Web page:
For almost two decades, Blancpain has been committed to marine conservation. For the first time, Blancpain is now supporting a local project in Germany dedicated to protecting the biosphere on the North Sea coast. By building protected breeding sites for migratory birds that have become rare, the delicate balance in the Rantum Basin nature reserve on the island of Sylt is being strengthened. Blancpain is dedicating a special Fifty Fathoms Bathyscaphe model to the occasion. Blancpain pledges to donate 1,000 euros for the sale of each of the 25 pieces in this series, which equates to a total of 25,000 euros. Blancpain’s total contribution to this project is a much higher amount and will last over three years.
Blancpain’s connection with marine conservation is rooted in the development of the first modern diving watch, which was introduced by the brand in 1953. The Fifty Fathoms, created by Blancpain’s then co-general manager Jean-Jacques Fiechter, set standards at the time with its functions and designs that are still valid in the world of diving watches today. Fiechter’s enthusiasm for diving brought with it a love of the underwater world that is still deeply anchored in Blancpain’s DNA today. With the Blancpain Ocean Commitment, the Manufacture supports numerous projects dedicated to marine conservation and ocean research around the world.
For the first time, Blancpain is now involved in a German nature conservation project. In the Rantumbecken nature reserve on the island of Sylt, on the edge of the Wadden Sea, the non-profit organisation aquatil and the Jordsand association are jointly building protected breeding and resting places for migratory birds. As part of the unique biosphere of the Wadden Sea, these are indispensable for its healthy balance. Blancpain supports this project, which not only includes the construction of breeding sites, but also the erection of a viewing platform from which interested people can observe the approximately 50 bird species breeding and resting. Over a period of three years, aquatil will scientifically accompany the project and evaluate how the construction of the protected breeding sites affects the population of migratory birds. In addition, in cooperation with a school hostel located at the Rantum Basin, numerous children and young people will be given the opportunity to experience the importance of nature conservation and to actively participate in the preservation of the breeding sites through direct involvement.
Functions & features: Date and seconds · unidirectional satin-brushed titanium bezel with green ceramic insert and LiquidmetalTM hour-markers · green dial · self-winding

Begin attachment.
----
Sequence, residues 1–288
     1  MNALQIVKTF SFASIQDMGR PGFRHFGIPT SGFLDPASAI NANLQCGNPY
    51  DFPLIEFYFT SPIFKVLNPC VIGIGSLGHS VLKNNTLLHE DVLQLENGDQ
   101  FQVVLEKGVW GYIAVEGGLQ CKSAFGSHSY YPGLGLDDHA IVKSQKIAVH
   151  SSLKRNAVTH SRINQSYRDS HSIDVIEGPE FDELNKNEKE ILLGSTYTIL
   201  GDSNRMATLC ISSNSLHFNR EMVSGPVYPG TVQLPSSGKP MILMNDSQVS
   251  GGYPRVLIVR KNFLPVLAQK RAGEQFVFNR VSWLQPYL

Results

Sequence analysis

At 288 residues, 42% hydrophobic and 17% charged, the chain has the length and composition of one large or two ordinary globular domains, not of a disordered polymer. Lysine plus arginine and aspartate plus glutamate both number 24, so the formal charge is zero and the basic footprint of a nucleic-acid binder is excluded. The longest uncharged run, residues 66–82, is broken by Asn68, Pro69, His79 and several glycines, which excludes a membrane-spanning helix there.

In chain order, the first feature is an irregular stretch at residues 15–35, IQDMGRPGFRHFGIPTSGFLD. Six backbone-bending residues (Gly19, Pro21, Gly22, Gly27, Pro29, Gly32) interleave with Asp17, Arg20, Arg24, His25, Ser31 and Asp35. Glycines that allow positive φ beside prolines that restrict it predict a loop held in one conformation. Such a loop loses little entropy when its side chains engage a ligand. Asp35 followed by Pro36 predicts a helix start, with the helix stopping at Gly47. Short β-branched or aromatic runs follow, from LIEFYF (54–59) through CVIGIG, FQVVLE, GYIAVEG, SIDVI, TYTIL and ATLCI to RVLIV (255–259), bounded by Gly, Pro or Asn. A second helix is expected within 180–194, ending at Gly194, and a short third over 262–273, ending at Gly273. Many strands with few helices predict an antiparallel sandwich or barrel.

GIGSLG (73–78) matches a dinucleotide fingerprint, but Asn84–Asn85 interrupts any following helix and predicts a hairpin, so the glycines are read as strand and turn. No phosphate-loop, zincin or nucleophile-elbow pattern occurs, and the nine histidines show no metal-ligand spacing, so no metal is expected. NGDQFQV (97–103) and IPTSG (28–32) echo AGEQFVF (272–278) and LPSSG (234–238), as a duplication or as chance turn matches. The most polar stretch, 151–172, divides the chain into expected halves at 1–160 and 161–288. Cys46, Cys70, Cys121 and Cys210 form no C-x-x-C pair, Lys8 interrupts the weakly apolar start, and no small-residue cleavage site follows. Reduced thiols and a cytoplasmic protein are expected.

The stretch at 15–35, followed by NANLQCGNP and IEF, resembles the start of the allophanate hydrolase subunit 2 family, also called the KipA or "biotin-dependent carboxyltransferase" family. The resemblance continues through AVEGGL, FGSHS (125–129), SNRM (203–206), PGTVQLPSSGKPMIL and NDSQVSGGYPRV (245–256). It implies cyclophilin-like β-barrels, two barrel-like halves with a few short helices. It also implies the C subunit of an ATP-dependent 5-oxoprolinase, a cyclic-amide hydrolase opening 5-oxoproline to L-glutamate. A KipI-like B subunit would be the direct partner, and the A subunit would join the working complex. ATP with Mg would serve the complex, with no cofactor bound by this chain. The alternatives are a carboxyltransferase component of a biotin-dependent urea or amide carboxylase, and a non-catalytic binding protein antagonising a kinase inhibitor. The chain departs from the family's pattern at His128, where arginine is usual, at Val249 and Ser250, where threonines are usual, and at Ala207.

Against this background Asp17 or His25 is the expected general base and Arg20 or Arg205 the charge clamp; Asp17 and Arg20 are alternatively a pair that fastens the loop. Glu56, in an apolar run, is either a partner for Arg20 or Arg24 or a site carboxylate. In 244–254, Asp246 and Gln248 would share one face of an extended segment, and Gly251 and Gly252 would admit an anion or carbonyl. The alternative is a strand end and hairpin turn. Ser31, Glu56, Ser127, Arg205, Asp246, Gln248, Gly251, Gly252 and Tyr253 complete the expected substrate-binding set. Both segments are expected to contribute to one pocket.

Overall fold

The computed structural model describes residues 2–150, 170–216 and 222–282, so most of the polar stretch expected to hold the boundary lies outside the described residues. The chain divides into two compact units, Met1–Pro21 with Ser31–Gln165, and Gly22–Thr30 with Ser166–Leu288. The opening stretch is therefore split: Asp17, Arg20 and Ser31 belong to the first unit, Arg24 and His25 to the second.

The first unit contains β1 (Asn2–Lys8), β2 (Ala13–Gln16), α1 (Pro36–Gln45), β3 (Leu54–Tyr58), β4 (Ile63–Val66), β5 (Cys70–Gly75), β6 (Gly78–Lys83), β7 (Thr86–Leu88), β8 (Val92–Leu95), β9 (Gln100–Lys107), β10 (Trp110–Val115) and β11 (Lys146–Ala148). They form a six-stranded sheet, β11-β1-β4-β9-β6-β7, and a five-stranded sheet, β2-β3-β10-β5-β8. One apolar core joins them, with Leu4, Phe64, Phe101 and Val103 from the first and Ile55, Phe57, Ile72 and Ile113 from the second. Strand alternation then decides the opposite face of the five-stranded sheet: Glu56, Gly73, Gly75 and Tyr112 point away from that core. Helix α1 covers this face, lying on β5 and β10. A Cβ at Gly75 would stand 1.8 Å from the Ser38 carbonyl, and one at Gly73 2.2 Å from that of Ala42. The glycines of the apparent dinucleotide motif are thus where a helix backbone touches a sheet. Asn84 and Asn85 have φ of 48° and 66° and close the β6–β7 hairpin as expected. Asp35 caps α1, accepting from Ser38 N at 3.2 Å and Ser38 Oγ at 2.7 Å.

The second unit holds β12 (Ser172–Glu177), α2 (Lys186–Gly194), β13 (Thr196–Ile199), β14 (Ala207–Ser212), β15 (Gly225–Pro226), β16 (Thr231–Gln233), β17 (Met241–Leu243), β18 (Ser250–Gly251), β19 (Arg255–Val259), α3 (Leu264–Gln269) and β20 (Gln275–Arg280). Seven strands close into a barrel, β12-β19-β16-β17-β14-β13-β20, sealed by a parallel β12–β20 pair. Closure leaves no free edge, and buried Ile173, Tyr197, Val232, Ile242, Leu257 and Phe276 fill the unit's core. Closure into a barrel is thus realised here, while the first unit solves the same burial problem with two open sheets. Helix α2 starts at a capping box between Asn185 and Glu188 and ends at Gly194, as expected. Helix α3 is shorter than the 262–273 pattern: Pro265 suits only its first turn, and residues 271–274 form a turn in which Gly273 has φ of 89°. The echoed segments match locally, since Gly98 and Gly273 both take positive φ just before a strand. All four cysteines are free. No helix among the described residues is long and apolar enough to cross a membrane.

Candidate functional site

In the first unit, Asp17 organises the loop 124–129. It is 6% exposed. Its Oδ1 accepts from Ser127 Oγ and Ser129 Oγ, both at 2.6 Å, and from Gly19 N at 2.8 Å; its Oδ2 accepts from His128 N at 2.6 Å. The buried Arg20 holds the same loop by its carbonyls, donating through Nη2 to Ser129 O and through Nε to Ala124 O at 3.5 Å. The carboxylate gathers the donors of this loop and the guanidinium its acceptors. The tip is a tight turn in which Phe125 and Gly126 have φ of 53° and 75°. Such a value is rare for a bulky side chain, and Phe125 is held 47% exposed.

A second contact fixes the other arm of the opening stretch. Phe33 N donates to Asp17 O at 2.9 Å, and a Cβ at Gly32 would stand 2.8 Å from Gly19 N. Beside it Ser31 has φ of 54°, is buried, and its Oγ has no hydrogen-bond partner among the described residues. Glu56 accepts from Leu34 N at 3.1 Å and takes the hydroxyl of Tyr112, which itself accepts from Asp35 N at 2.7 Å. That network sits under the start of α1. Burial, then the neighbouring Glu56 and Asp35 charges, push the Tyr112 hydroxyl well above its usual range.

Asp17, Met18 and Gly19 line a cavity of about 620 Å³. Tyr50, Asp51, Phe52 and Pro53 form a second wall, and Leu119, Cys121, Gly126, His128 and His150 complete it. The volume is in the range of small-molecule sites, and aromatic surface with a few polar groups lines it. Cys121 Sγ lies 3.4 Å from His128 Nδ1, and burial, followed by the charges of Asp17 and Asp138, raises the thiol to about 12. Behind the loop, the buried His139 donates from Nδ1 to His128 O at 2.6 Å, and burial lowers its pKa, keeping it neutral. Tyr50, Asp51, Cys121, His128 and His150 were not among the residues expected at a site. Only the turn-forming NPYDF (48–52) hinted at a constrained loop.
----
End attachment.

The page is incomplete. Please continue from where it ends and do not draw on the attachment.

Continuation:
BLANCPAIN Fifty Fathoms Bathyscaphe “Sylt” reference number: 5000-1253-H52A
To mark the launch of this project, Blancpain is unveiling a special 25-piece limited edition watch from its renowned Fifty Fathoms Bathyscaphe line. The model in green with its titanium case has a diameter of 43 millimetres and houses the Blancpain automatic calibre 1315 with a 5-day power reserve. The unidirectional rotating bezel with ceramic inlay and indices in LiquidmetalTM provide the sporty yet elegant look of the watch, while the vertically cut dial with indexes in Super- LumiNova® in a geometric shape captures the light in a fascinating way. A glance at the back reveals not only the beauty of the ornate movement, but also the silhouette of the Arctic tern engraved on the solid gold rotor – a symbol of Blancpain’s nature conservation on Sylt.
By purchasing one of these 25 watches, each customer will contribute 1,000 euros to the protection of Sylt’s paradise of peace for migratory birds, a total of 25,000 euros that will be donated to aquatil. Blancpain’s total contribution to this project is a much higher amount and will last over three years.
Prof. Ralph O. Schill, zoologist and managing partner of aquatil, is excited about the upcoming collaboration with Blancpain. “The UNESCO World Heritage Wadden Sea is one of the largest wetlands in the world and it is a unique ecosystem with a very high biodiversity. Especially the Rantum Basin, now one of the most species-rich bird sanctuaries in northern Germany, has a very important international significance for migratory birds as a resting, breeding and wintering area on their way between the Arctic and southern Africa,” he says. A healthy mudflat with all its microorganisms contributes to their well-being and ultimately to biodiversity,” he says. “With Blancpain, together we can create a safe space for migratory birds and generate more knowledge about their protection and the importance of the mudflats.”
Bird pictures provided by: Peter Hering